[8]

A. C. CramerS. Vlassides and D. E. Block, Kinetic model for nitrogen-limited wine fermentations, Biotechnology and Bioengineering, 77 (2001), 49-60.   Google Scholar

[9]

R. David, D. Dochain, J.-R. Mouret, A. V. Wouwer and J.-M. Sablayrolles, Dynamical modeling of alcoholic fermentation and its link with nitrogen consumption, in Proceedings of the 11th International Symposium on Computer Applications in Biotechnology, 2010, 496-501. Google Scholar

[10]

S. Malherbe, V. Fromion, N. Hilgert and J. Sablayrolles, Modeling the effects of assimilable nitrogen and temperature on fermentation kinetcis in enological conditions, Biotechnology and Bioengineering, 83 (2004), 2. Google Scholar

[11]

L. Perko, Differential Equations and Dynamical Systems, 3rd edition Springer, 2008. doi: 10.1007/978-1-4684-0249-0.  Google Scholar

[12]

F. Verhulst, Nonlinear Differential Equations and Dynamical Systems, Springer Berlin Heidelberg, 1996. doi: 10.1007/978-3-642-61453-8.  Google Scholar

show all references

References:
[1]

S. AibaM. Shoda and M. Nagatani, Kinetics of product inhibition in alcohol fermentation, Biotechnology and Bioengineering, 10 (1968), 845-864.   Google Scholar

[2]

L. Alba-Lois and C. Segal-Kischinevzky, Yeast fermentation and the making of beer and wine, Nature Education, 3 (2010), 17.   Google Scholar

[3]

R. Boulton, The prediction of fermentation behavior by a kinetic model, Am J Enol Vitic, 31 (1980), 40-45.   Google Scholar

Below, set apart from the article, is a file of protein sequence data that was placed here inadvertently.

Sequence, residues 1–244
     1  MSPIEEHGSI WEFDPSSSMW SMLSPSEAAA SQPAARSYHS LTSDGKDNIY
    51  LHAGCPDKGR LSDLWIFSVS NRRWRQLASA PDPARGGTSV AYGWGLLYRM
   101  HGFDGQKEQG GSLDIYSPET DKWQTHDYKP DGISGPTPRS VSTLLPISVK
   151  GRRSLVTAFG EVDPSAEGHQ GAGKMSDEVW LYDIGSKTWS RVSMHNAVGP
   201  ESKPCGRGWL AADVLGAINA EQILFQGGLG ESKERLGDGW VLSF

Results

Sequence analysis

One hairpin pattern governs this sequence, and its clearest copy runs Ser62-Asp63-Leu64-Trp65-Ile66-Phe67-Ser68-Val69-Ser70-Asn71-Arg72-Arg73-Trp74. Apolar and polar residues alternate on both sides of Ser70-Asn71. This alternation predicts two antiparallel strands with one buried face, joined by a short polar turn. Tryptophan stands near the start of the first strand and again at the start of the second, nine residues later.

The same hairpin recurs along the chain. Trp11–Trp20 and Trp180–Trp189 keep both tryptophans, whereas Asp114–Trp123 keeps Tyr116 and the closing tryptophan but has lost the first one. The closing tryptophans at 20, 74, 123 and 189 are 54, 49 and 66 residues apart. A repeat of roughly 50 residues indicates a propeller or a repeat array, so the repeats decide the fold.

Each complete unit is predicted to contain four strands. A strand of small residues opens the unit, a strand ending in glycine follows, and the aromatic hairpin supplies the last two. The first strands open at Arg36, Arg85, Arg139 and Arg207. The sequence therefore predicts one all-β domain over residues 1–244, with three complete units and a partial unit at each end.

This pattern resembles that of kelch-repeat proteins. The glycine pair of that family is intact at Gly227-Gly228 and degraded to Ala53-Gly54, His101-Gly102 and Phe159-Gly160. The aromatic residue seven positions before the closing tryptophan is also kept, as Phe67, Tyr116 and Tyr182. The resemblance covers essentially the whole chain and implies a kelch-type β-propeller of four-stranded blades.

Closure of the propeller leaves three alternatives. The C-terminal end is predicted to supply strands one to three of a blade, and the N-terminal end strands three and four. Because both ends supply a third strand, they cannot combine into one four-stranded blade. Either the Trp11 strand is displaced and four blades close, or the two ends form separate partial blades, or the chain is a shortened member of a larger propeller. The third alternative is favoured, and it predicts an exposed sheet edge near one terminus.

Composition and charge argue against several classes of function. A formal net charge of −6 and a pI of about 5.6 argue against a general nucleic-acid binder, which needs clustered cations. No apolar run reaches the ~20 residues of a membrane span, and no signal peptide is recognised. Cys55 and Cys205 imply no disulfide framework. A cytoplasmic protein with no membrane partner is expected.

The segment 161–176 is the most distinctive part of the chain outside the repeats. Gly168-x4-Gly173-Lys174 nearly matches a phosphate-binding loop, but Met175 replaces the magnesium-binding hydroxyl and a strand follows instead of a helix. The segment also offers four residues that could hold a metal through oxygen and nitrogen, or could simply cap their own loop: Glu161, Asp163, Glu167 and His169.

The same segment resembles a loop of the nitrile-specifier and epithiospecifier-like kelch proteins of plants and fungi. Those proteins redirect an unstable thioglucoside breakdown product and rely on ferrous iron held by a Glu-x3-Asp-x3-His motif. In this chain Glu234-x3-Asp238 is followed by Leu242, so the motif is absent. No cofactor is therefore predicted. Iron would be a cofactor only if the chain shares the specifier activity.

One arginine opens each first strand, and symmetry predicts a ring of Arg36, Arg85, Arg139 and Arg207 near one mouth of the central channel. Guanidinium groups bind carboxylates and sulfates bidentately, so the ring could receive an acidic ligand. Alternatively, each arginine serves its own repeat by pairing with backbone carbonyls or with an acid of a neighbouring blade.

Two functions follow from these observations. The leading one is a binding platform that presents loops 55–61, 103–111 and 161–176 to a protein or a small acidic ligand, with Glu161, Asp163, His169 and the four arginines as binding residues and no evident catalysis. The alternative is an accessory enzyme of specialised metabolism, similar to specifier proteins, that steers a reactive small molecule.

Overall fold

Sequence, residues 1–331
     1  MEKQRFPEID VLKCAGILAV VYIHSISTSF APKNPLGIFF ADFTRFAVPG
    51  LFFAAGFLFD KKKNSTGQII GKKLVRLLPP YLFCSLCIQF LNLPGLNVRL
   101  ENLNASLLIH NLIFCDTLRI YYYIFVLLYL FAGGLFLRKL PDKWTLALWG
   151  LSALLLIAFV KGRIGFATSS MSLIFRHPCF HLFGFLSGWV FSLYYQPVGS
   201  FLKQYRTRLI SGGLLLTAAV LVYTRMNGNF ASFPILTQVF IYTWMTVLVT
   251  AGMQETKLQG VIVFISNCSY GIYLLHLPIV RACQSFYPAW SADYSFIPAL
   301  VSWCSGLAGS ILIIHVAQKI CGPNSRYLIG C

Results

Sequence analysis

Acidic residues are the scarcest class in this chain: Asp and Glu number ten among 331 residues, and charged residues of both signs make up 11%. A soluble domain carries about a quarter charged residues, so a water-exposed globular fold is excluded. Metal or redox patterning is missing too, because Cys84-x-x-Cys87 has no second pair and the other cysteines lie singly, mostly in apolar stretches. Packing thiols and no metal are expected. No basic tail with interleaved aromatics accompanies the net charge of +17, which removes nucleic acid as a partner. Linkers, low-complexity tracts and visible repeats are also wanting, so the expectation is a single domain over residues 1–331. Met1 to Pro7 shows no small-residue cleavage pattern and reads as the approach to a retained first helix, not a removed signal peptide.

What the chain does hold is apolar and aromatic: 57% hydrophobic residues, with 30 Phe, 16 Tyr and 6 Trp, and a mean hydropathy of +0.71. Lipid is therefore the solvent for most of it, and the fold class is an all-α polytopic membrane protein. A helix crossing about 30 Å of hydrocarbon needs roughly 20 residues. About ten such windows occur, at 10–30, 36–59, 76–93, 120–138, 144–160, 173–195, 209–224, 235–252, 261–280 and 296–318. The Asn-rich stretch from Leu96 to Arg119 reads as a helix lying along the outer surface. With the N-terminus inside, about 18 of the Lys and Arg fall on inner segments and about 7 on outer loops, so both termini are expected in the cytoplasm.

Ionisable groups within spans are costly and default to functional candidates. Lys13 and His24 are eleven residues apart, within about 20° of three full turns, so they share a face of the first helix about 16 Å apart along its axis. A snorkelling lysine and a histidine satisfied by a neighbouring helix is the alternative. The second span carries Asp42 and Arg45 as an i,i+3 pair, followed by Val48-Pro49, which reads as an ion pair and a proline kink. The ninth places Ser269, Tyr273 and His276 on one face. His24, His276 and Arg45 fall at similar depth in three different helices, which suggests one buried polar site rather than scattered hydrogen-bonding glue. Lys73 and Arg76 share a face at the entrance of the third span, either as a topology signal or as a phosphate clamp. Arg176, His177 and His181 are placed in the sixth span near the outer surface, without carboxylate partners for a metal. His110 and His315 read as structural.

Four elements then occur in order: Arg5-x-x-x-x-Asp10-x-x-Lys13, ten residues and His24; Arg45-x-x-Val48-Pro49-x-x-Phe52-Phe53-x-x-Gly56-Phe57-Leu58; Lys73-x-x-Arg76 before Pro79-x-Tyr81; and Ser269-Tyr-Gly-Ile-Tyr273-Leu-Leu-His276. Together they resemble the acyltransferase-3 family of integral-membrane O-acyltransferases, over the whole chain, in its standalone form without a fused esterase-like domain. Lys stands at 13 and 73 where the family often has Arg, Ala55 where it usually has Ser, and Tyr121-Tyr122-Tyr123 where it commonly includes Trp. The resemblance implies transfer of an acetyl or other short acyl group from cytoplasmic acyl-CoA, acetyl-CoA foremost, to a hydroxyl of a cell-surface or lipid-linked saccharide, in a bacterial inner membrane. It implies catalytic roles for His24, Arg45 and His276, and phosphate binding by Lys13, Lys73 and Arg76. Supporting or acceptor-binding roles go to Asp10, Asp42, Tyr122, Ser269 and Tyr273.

[4]

R. Boulton, V. Singleton, L. Bisson and R. Kunkee, Principles and Practices of Winemaking, New York: Chapman & Hall, 1996. Google Scholar

[5]

I. CaroL. Pérez and D. Cantero, Development of a kinetic model for the alcoholic fermentation of must, Biotechnology and Bioengineering, 38 (1991), 742-748.   Google Scholar

[6]

M. C. ColemanR. Fish and D. E. Block, Temperature-dependent kinetic model for nitrogen-limited wine fermentations, Applied and Environmental Microbiology, 73 (2007), 5875-5884.   Google Scholar

[7]

A. C. CramerS. Vlassides and D. E. Block, Kinetic model for nitrogen-limited wine fermentations, Biotechnology and Bioengineering, 77 (2002), 49-60.   Google Scholar

[8]

A. C. CramerS. Vlassides and D. E. Block, Kinetic model for nitrogen-limited wine fermentations, Biotechnology and Bioengineering, 77 (2001), 49-60.   Google Scholar

[9]

R. David, D. Dochain, J.-R. Mouret, A. V. Wouwer and J.-M. Sablayrolles, Dynamical modeling of alcoholic fermentation and its link with nitrogen consumption, in Proceedings of the 11th International Symposium on Computer Applications in Biotechnology, 2010, 496-501. Google Scholar

[10]